Say I've written two articles: one on interesting plot twists and another on how to write a plot twist. If the "interesting plot twist" post already ranks quite highly for the keyword 'how to write a plot twist', does it make it less likely that the other post will get a high ranking for that keyword too. Does Google prefer a diversity of domains in its SERPs, meaning that your own posts can block your more relevant posts from rising to the top?

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    It is not about keyword and never has been. Ignore the SEO wizzies that tell you it is. It is about whole language and semantic value. Google was designed to be semantic based because keyword based search engines were limited. It says so in the original research paper by Brin and Page in 1997/98. Both pages will perform as they should. Just keep writing. To borrow a phrase, Let go and let Google. (from "Let go and let God." meaning: do not worry about it - that is Google's job.) Cheers!! – closetnoc Nov 27 '16 at 16:26
  • @closetnoc Thanks, I generally agree with that, but the question is really: should I avoid writing two posts about very similar topics? If doing this means that one post just displaces the other in the SERPs, then there's not much for me to gain from all that writing... – Zetland Nov 27 '16 at 16:30
  • Nope. Keep writing. It is about users and not about machines. If you think about it, in any industry, writing about a topic means that there will always be overlap. The trick is to make each unique, even if you find yourself repeating what you have written before once, twice, or even more times. SEO, as a topic, is particularly prone to this. I am struggling with overlap now, and the difficult thing is not what we write, but how do we divide it up, link to it, and so on. Eventually, you will come to the same conclusion. You are simply going to have to repeat yourself. It is the nature of it. – closetnoc Nov 27 '16 at 17:04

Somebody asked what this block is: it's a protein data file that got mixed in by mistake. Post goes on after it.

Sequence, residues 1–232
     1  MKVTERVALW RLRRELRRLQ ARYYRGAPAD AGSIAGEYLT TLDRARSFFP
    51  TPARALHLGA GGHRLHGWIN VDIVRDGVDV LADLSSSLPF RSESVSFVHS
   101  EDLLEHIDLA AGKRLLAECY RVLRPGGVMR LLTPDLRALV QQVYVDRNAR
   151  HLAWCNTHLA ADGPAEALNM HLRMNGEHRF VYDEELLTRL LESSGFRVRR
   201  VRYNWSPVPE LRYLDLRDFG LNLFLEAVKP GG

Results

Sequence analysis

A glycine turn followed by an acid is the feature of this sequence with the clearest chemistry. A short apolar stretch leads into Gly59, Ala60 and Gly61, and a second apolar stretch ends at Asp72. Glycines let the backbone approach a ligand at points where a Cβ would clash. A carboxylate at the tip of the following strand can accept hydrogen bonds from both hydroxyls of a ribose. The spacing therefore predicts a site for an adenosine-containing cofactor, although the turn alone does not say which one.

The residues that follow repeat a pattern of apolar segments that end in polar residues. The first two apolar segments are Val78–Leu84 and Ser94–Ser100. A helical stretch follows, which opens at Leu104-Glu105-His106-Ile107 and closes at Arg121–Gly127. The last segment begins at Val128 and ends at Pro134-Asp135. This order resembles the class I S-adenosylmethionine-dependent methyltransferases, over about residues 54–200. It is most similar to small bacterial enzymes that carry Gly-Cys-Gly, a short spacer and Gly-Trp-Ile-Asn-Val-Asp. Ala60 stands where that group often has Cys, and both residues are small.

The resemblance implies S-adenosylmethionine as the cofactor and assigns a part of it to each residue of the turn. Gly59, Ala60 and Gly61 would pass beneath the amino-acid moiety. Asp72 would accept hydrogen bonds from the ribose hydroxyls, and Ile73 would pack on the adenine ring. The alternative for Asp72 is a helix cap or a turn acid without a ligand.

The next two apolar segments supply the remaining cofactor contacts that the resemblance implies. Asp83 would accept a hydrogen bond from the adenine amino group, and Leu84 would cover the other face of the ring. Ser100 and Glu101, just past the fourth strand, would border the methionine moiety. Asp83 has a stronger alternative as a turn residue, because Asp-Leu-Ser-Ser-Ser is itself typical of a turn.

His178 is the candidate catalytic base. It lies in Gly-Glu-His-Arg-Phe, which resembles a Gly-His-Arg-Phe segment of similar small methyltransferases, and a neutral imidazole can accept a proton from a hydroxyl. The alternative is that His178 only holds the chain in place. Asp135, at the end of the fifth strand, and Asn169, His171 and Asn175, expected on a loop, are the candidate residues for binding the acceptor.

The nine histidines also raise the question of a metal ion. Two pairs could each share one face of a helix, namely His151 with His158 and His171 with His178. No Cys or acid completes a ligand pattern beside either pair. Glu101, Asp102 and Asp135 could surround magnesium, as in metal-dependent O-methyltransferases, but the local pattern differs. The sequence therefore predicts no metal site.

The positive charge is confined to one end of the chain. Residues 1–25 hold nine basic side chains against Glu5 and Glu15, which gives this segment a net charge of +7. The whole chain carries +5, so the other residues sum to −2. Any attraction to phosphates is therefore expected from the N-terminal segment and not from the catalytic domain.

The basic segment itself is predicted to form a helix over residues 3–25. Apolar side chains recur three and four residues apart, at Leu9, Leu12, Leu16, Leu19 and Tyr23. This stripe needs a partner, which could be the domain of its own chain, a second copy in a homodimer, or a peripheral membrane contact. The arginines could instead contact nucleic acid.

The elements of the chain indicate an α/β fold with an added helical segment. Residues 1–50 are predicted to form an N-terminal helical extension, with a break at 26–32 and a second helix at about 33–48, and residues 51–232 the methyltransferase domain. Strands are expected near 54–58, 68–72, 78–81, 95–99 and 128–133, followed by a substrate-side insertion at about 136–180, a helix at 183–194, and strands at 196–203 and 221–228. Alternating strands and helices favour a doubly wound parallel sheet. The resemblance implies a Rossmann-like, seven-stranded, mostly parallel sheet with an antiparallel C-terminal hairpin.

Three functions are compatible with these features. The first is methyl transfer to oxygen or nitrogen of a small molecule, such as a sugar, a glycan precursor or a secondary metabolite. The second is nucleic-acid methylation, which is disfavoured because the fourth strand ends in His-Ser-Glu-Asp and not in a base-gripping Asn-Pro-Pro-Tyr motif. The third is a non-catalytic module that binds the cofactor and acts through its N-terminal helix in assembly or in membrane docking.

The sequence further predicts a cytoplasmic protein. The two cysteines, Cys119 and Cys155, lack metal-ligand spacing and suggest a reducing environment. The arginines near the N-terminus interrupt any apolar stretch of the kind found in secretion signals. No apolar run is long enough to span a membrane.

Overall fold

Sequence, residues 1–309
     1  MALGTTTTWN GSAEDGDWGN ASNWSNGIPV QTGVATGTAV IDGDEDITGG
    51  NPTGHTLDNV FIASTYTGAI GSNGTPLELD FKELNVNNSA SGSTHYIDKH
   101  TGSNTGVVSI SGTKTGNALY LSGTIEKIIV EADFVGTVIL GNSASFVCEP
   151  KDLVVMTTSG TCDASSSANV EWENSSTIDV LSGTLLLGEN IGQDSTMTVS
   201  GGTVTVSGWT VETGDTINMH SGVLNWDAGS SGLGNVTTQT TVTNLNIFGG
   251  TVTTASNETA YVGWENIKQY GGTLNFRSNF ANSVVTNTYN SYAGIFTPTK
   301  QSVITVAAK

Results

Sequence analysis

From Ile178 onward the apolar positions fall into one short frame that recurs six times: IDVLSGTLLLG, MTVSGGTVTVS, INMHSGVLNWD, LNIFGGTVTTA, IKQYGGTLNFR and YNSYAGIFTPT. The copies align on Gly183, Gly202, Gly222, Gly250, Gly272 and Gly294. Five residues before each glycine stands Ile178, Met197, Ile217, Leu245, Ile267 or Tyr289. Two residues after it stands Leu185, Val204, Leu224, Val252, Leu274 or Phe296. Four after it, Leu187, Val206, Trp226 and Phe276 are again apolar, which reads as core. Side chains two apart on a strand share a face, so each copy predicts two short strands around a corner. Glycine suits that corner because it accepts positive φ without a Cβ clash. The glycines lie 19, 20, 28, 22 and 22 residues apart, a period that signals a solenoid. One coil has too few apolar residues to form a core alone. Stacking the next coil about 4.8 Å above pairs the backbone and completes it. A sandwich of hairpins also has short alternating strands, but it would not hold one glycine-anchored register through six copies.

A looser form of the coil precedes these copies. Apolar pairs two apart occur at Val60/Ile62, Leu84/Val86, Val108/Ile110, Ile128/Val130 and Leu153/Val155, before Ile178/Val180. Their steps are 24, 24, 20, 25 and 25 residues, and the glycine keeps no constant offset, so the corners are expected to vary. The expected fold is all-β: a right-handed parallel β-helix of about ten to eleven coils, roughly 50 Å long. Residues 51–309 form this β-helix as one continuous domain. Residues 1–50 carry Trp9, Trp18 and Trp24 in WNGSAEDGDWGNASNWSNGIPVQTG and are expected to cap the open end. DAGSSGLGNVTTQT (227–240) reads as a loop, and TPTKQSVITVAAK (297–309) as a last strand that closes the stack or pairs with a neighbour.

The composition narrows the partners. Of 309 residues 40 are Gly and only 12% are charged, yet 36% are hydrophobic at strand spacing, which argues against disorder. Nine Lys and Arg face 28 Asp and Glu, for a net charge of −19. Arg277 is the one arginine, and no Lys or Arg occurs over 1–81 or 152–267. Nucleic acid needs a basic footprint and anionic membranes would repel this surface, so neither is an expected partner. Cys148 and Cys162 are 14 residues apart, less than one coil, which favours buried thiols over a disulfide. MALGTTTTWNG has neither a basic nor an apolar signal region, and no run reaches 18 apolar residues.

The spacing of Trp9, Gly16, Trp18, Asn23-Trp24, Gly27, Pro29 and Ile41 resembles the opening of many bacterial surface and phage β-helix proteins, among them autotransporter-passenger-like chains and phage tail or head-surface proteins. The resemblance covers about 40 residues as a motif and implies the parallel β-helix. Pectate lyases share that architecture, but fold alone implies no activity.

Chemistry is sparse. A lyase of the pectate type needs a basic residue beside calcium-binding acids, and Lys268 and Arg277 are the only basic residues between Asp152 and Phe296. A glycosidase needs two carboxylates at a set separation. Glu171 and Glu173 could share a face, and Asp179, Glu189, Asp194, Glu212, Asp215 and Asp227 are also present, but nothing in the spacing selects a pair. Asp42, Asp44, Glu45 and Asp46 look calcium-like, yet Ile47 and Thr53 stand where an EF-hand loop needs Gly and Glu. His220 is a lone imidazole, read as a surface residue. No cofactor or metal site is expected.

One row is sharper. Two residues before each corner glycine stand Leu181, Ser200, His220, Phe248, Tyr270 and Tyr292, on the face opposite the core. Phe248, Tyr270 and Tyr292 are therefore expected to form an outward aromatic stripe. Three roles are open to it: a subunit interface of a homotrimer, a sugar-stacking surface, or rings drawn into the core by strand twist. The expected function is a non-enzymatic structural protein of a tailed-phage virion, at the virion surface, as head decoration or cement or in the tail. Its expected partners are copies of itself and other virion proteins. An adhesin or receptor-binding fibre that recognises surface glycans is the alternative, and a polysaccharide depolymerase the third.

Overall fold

As has been stated above - this question is actually about strategies for writing about topics.

Yes, keep writing, but.... in a structured way.

Revisit. No web page is fixed in concrete.

Review the existing page. Does it provide an 'overview' of the topic or go into too much detail on too many aspects? Look for paragraphs which you could fill-out and discuss in more detail. These can become second, third, fourth pages. Focus on the key phrase of each page, if it helps you to write a tightly focussed page of copy.

By constructing topics this way and so writing in a structured way, it leads naturally to pyramids of pages around a single topic. Pyramids of pages are good. They completely play into the semantics thing, create an 'expertise' and best of all - visitors to your website get a great coherent experience which they can explore as much or as little as they like.

Of course, @closetnoc's philosophy of 'just write' is a good one. Just add 'and review' to the end of the statement. Just write and review.

Repeated content (with minor tweaks) is adding little value for the visitor...

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